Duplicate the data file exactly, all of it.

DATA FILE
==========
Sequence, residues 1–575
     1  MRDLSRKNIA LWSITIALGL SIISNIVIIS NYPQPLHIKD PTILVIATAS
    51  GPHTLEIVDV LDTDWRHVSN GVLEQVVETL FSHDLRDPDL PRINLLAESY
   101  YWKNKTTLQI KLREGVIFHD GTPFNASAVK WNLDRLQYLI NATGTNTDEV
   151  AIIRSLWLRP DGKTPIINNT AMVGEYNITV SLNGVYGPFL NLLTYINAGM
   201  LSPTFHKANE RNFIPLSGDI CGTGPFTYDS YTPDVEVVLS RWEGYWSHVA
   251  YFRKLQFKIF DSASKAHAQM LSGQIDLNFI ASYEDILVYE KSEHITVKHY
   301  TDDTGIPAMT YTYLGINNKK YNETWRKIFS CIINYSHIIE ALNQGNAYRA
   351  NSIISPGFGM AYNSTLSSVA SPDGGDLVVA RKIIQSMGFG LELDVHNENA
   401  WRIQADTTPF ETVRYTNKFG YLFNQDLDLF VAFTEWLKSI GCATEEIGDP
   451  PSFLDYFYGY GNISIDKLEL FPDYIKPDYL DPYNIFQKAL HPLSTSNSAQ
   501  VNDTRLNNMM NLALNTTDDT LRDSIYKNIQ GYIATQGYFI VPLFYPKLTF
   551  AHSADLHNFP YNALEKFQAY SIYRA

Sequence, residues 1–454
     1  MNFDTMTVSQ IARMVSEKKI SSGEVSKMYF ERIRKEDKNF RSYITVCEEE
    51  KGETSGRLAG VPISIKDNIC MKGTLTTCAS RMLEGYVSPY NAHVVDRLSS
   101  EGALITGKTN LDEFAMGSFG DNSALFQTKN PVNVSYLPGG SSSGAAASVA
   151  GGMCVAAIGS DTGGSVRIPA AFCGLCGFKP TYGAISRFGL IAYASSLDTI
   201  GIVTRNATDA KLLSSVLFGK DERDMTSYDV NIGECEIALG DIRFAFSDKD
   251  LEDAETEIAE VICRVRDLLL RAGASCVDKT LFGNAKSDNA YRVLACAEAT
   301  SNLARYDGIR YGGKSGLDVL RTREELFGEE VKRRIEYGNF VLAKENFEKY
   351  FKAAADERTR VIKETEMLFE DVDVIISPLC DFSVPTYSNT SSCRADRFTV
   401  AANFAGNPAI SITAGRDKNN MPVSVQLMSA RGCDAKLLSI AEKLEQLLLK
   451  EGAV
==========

Sequence, residues 1–575
     1  MRDLSRKNIA LWSITIALGL SIISNIVIIS NYPQPLHIKD PTILVIATAS
    51  GPHTLEIVDV LDTDWRHVSN GVLEQVVETL FSHDLRDPDL PRINLLAESY
   101  YWKNKTTLQI KLREGVIFHD GTPFNASAVK WNLDRLQYLI NATGTNTDEV
   151  AIIRSLWLRP DGKTPIINNT AMVGEYNITV SLNGVYGPFL NLLTYINAGM
   201  LSPTFHKANE RNFIPLSGDI CGTGPFTYDS YTPDVEVVLS RWEGYWSHVA
   251  YFRKLQFKIF DSASKAHAQM LSGQIDLNFI ASYEDILVYE KSEHITVKHY
   301  TDDTGIPAMT YTYLGINNKK YNETWRKIFS CIINYSHIIE ALNQGNAYRA
   351  NSIISPGFGM AYNSTLSSVA SPDGGDLVVA RKIIQSMGFG LELDVHNENA
   401  WRIQADTTPF ETVRYTNKFG YLFNQDLDLF VAFTEWLKSI GCATEEIGDP
   451  PSFLDYFYGY GNISIDKLEL FPDYIKPDYL DPYNIFQKAL HPLSTSNSAQ
   501  VNDTRLNNMM NLALNTTDDT LRDSIYKNIQ GYIATQGYFI VPLFYPKLTF
   551  AHSADLHNFP YNALEKFQAY SIYRA

Sequence, residues 1–454
     1  MNFDTMTVSQ IARMVSEKKI SSGEVSKMYF ERIRKEDKNF RSYITVCEEE
    51  KGETSGRLAG VPISIKDNIC MKGTLTTCAS RMLEGYVSPY NAHVVDRLSS
   101  EGALITGKTN LDEFAMGSFG DNSALFQTKN PVNVSYLPGG SSSGAAASVA
   151  GGMCVAAIGS DTGGSVRIPA AFCGLCGFKP TYGAISRFGL IAYASSLDTI
   201  GIVTRNATDA KLLSSVLFGK DERDMTSYDV NIGECEIALG DIRFAFSDKD
   251  LEDAETEIAE VICRVRDLLL RAGASCVDKT LFGNAKSDNA YRVLACAEAT
   301  SNLARYDGIR YGGKSGLDVL RTREELFGEE VKRRIEYGNF VLAKENFEKY
   351  FKAAADERTR VIKETEMLFE DVDVIISPLC DFSVPTYSNT SSCRADRFTV
   401  AANFAGNPAI SITAGRDKNN MPVSVQLMSA RGCDAKLLSI AEKLEQLLLK
   451  EGAV